Writers on the Rise: Introducing Edith Lalonde
Universal truth: writers are AWESOME, whether they have agents, book deals, contest wins coming out their ears, or are in the query trenches. Yes, trenches. You know, the period of time when a writer leaves behind anonymity and braves the rejection-heavy world in their attempt to obtain representation by a literary agency.
It’s a mouthful, ain’t it? Yeah, so is doing it. But when I was querying and entering every contest available, I found myself surrounded by amazing people who were querying right alongside me. Not only did my other “Trenchers” keep me going, but these were also the people who taught me the most about how to do this crazy thing we’re trying to do, and what kind of cheese goes best with red wine. (It’s Tillamook cheese, btw.)
It’s for that reason I reached out to writers who are either actively participating in contests or are querying agents, and I asked them about who they are, what they’ve learned and would like to share, and how we can support them in their journey.
I hope you join me in welcoming
K: Hi Edith, and thanks so much for talking to me! First, what genre and age category do you write?
E: I write adult romantic suspense – it’s my crack!
K: So how long have you been writing? What inspired you?
E: I’ve been writing in my head for as long as I can remember. From a young age I made up stories, most of them involving a suspense element that included a strong heroine who rescued herself. I finally put pen to paper about eight years ago after I read the entire Twilight series in one weekend. I finished my first novel in 2009. It was a YA coming of age story that should never have been queried – live and learn!
K: I love that – heroines who recuse themselves! And I completely understand the “querying too soon” syndrome. So what’s the biggest thing you’ve learned about querying while in “The Trenches” that you’d like to share with other authors?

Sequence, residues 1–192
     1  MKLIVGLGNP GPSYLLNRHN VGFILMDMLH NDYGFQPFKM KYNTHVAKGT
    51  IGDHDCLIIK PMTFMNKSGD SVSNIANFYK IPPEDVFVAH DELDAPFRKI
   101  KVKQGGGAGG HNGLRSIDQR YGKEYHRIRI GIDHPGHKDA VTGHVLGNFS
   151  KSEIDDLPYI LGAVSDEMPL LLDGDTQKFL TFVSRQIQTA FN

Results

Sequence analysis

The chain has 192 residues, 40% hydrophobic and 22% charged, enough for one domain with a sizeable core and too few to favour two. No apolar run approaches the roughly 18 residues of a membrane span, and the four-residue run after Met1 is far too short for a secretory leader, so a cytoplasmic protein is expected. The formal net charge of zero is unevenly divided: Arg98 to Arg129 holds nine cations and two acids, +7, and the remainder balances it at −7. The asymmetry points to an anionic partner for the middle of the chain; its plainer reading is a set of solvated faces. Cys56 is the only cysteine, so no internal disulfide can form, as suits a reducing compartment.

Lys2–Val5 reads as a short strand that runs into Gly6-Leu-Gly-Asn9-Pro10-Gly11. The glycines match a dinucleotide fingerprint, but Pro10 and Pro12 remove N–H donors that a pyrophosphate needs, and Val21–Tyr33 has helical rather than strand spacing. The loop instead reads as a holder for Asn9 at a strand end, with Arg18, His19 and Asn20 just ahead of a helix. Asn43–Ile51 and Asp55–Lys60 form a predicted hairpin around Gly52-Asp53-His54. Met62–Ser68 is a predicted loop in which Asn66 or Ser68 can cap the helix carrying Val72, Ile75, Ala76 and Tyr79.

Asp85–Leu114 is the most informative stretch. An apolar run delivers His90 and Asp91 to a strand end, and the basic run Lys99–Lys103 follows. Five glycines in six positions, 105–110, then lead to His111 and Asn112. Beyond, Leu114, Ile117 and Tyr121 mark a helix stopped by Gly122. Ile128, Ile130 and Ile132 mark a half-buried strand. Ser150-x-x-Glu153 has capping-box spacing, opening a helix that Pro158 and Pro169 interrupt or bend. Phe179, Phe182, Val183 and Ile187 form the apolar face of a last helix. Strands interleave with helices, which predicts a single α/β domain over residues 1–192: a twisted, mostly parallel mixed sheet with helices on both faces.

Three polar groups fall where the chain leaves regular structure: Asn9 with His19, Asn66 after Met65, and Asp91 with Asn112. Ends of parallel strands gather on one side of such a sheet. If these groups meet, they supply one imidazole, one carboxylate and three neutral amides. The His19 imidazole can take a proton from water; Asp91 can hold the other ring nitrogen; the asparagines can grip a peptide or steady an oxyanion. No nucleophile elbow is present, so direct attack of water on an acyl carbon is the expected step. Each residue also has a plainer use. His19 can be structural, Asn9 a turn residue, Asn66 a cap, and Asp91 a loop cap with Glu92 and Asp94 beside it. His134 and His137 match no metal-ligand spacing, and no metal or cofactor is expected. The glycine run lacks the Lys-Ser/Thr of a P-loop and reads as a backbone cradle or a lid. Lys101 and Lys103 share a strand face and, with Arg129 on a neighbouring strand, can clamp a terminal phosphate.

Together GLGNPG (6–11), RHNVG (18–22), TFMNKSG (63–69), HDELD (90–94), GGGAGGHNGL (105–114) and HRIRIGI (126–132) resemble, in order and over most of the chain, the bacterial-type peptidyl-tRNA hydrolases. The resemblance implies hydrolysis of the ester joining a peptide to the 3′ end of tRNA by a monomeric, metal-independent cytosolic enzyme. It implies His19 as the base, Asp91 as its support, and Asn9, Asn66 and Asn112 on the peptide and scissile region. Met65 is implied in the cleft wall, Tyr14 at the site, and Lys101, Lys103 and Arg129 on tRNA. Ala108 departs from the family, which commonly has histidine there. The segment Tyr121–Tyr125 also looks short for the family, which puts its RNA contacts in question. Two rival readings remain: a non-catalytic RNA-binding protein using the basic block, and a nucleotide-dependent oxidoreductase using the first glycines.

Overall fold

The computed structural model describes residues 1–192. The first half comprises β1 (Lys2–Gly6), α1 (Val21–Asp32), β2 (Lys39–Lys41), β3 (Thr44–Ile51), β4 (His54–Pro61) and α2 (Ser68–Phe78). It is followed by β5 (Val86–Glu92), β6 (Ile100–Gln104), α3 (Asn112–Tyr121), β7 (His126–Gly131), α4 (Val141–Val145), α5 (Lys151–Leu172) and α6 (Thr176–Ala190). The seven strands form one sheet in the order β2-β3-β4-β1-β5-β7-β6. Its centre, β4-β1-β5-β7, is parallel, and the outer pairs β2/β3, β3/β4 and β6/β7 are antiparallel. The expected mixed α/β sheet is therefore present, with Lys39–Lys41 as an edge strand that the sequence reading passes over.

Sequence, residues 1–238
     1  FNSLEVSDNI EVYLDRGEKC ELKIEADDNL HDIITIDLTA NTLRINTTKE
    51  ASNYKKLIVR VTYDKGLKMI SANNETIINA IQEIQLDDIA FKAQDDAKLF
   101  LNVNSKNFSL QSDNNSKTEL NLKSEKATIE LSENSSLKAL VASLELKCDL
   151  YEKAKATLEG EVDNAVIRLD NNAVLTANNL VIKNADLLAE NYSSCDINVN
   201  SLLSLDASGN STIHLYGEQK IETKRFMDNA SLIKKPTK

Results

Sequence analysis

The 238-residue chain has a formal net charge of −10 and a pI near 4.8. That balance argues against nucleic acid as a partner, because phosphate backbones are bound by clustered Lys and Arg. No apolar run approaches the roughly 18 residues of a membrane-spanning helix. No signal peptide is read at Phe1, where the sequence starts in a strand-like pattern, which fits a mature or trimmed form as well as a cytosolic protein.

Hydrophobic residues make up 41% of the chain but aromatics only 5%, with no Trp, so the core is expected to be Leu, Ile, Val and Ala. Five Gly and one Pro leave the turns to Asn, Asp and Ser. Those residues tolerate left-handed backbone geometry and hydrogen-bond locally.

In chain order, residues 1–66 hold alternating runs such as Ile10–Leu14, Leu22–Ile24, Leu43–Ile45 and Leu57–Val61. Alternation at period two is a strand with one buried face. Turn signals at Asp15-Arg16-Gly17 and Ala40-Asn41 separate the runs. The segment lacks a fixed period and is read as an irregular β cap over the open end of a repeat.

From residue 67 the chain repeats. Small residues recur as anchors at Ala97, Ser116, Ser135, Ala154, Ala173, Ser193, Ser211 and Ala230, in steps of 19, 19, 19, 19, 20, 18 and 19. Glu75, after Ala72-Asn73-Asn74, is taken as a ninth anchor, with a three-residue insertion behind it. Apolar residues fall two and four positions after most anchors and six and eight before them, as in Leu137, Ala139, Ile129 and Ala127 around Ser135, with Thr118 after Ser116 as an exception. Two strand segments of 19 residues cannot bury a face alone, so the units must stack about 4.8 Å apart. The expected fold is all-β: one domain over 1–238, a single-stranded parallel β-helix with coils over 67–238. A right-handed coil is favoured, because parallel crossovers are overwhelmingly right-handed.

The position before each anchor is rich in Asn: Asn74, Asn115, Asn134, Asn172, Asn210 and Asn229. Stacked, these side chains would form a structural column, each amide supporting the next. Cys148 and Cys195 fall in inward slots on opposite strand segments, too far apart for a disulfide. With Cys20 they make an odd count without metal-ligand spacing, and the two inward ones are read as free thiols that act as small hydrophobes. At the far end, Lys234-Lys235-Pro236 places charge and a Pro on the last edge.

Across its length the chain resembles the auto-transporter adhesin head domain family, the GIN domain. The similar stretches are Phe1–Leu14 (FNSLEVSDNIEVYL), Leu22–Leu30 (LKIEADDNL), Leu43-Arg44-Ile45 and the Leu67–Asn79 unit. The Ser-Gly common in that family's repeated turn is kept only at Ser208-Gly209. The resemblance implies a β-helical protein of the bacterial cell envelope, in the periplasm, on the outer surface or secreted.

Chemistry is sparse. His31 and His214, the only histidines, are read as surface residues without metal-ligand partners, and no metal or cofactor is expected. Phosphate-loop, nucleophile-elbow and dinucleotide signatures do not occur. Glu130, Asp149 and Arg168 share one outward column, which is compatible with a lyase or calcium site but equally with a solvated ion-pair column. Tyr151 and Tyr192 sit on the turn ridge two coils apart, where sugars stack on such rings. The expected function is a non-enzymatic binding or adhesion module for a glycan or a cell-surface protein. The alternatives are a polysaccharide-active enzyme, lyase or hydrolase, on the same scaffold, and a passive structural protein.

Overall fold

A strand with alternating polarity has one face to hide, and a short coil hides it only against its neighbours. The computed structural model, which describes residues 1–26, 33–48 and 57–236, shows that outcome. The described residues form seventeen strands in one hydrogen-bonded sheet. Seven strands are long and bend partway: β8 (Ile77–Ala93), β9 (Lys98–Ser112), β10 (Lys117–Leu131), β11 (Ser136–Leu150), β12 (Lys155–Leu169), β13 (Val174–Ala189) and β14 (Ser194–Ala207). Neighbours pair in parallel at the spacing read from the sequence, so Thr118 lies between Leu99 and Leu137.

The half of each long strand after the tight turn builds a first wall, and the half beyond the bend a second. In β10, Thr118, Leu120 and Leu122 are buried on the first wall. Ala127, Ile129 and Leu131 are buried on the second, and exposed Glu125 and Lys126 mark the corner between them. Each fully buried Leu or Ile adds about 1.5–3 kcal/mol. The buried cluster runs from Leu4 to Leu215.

E: RESEARCH! The fastest way to a form no is querying an agent who doesn’t represent your genre. Agents share their wish lists for a reason; you’ll have much greater success querying agents if you send them what they’re looking for.
RESEARCH! Know what a good (short) query letter looks like – keep it simple – CHARACTER must overcome OBSTACLES or STAKES. If you nail your MC’s voice while sticking to the formula, you have a winning query.
RESEARCH! Get feedback on your draft query from multiple sources. Twitter is a great place to connect with other querying writers, find the people who can help you. Yes, they’re out there! Never query with the first draft you pound out at midnight after eating a leftover bean burrito and drinking mojitos because you can’t sleep. Write it, share it, revise it, share it, let it sit, revise it again.
When you’ve done all of the above, it’s time to query! I recommend sending out a smaller test batch to start; you may just get agent feedback you can use to revise subsequent queries. If you get a few rejections, take another look at the query and opening pages to make sure both are as strong as possible. If you get a couple of requests for partials or fulls, do a happy dance and then send out more!
K: Yes! No mojito and bean burrito queries! Great advice! And you nailed it – research is so incredibly important to being successful. Do you have any resources that you can’t live without?
E: Agent Janet Reid’s Query Shark is a go-to resource for me. Excellent for first-time query drafters. Read the blog, the whole blog, and learn from one of the best in the industry.
Agent Jessica Sinsheimer’s Manuscript Wish List. Tailoring my query submissions to agent’s wish lists on MSWL resulted in several requests for my full manuscript. RESEARCH it works!
Stephen King’s On Writing a Memoir of the Craft – saved me from giving up on my writing. I highly recommend it as bedtime reading. It won’t scare the pants off you!
Twitter. Yep. Twitter. There is a wonderful community of supportive writers who tweet advice daily. Some of my favorites include:
And of course, you Katie!
K: Aww, thanks, Edith! So with (what sounds like) some ample query experience behind you, can you tell us how do you stay inspired and keep going in the face of a rejection-heavy industry?
E: Not gonna lie. It’s tough. It was especially hard for me after receiving a couple of really positive rejections on the novel I was querying at the time. But I tell myself – if you’re getting positive rejections on a full, it means you’re close. It means you keep writing, and you keep querying. So that’s what I do. I continue to write and improve, and I stay involved with the writing community. My time will come and if you’re reading this and you’re a querying writer, yours will, too.
K: Yes ma’am! Never, ever give up! So where can we learn more about you and support you as a writer? Maybe links to twitter, fanfic, your own blog or website, or any contests you’re actively participating in where we can root for you?